Chef Miyazono barely has time to dream of sushi. On most nights the final customers to leave his restaurant don’t get out till 4am, and then he’s got an hour of cleaning before he heads straight to Tsukiji to shop for the following shift. He sleeps, briefly, and returns to his counter a little after noon. Incredibly – and, it might be added, slightly worryingly – Miyazono is open seven days a week. A spell in the army didn’t quite prepare Miyazono for the gruelling itamae lifestyle (the sushi industry is much tougher, he jokes) and he’s a surprisingly chirpy chap given his punishing workload.
Such toil, sacrifice and obsession (he admits to visiting sushi restaurants on the rare occasions he gets a day off) deserves your custom, and you won’t be disappointed. Come for dinner and you can slowly soak up the artistry, theatricality, intimacy, gorgeous ceramic crockery and gasp-inducing sushi. The shrimp sashimi is luxuriant in flavour while the nigiri – using rice mixed with brown or white vinegar, depending on the fish – is a match for just about anywhere in this city. And if you’re there during the warmer months, don’t skip the abalone, steamed for six or seven hours and served with a hint of fresh wasabi.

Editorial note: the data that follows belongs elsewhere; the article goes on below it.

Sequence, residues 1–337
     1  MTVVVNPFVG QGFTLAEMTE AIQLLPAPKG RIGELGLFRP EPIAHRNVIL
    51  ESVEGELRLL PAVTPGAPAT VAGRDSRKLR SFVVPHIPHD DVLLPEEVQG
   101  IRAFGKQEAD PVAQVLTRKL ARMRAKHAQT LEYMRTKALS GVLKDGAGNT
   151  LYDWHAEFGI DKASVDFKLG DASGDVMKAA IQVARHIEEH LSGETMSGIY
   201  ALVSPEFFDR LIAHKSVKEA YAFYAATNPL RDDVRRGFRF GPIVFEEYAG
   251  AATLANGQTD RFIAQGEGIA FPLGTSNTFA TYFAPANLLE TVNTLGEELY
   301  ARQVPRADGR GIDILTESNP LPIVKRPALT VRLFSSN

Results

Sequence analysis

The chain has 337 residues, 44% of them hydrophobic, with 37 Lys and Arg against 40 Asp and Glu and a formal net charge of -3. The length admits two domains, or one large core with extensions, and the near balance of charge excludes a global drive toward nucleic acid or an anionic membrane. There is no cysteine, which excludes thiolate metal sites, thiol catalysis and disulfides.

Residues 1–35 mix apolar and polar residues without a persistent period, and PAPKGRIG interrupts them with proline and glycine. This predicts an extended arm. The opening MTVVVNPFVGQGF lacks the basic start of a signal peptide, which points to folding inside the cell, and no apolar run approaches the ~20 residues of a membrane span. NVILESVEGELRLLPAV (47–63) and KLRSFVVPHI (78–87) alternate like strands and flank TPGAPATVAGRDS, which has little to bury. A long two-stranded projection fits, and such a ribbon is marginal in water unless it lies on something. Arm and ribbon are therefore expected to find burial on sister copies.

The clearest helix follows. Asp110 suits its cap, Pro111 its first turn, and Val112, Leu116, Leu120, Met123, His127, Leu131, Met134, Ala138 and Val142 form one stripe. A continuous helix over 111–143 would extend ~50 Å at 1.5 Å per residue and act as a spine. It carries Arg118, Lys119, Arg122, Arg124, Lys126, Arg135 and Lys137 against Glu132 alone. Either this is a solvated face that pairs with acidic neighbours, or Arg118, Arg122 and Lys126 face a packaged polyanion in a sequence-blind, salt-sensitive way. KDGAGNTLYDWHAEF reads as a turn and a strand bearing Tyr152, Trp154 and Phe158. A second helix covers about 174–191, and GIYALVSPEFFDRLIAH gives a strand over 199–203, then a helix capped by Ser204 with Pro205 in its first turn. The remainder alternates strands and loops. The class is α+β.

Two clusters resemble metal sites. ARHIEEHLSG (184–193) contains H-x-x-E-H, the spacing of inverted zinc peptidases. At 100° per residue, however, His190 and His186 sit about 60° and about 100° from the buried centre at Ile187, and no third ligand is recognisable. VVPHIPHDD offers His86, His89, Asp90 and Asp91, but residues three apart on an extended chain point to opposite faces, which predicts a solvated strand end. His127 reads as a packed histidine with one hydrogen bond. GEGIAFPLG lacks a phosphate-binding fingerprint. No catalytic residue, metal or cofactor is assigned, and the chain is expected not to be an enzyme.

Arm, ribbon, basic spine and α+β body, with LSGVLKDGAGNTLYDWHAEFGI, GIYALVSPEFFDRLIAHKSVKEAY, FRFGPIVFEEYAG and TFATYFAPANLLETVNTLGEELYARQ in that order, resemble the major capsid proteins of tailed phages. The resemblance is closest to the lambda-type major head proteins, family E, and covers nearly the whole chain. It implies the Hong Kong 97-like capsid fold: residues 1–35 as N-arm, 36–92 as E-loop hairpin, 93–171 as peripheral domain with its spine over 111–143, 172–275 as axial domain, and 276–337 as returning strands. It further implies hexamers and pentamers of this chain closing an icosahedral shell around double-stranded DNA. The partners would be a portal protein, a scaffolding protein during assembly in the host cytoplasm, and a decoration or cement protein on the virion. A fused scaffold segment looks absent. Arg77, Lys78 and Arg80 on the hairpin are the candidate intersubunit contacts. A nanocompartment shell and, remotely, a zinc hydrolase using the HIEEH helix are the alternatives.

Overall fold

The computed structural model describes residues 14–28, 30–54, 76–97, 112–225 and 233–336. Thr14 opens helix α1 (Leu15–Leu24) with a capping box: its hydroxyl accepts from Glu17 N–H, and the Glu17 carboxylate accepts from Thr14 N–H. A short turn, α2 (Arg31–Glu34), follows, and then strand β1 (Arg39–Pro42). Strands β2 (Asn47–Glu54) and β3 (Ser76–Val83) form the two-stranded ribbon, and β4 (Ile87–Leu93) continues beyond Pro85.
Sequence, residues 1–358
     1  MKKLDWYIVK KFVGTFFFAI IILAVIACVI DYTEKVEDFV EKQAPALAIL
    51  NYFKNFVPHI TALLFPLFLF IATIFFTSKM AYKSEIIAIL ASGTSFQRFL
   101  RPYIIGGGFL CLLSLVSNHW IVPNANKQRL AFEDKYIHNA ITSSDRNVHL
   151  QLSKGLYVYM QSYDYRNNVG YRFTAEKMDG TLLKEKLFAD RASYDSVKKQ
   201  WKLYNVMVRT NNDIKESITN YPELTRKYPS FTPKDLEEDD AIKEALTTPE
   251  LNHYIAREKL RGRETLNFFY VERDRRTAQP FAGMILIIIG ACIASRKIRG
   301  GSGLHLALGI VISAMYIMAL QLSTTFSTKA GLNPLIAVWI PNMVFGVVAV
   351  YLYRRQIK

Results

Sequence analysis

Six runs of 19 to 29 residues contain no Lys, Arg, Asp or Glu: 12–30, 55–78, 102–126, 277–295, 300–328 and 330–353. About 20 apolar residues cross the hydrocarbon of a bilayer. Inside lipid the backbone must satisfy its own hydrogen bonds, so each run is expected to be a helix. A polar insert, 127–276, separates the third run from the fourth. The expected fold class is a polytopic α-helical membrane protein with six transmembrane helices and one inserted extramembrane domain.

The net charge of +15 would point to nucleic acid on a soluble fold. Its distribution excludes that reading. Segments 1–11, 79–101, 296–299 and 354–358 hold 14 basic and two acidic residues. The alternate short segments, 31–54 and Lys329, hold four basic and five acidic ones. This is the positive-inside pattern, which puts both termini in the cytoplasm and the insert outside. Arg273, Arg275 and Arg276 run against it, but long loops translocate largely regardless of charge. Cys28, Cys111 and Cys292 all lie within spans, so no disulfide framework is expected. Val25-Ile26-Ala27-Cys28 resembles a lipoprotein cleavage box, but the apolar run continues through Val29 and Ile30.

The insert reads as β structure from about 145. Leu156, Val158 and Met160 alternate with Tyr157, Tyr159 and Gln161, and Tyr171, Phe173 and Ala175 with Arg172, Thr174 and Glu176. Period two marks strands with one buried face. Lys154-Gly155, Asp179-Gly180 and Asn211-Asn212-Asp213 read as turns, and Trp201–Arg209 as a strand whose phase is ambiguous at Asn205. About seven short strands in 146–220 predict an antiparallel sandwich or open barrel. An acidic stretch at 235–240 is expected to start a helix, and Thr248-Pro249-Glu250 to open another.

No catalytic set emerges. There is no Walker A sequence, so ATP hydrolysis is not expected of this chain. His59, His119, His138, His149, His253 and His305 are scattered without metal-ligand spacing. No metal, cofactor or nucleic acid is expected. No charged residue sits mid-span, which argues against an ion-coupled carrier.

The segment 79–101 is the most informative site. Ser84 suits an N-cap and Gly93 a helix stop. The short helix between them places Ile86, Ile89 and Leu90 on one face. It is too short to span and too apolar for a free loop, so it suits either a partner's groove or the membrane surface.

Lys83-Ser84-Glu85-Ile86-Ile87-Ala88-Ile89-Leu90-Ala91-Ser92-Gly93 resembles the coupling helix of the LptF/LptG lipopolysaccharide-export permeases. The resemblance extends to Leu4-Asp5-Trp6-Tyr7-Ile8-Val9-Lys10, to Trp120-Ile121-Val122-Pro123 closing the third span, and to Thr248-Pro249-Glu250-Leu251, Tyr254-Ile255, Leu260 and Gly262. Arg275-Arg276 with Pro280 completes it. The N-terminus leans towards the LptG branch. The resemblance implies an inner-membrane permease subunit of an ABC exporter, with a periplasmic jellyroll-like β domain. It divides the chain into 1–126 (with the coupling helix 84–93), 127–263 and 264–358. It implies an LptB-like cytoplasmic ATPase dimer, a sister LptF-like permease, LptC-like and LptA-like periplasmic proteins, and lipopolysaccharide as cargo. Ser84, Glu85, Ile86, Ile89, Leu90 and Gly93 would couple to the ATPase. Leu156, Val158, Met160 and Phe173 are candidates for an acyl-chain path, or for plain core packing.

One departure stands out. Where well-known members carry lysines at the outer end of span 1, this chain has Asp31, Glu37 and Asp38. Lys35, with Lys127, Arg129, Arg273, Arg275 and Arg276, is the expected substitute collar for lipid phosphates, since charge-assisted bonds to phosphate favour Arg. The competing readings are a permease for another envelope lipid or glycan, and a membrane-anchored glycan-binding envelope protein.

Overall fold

There are only nine seats in this elegant restaurant, so book in advance or turn up late – but not too late, because Miyazono doesn’t serve food to customers who arrive after 1am. He’s got to sleep some time.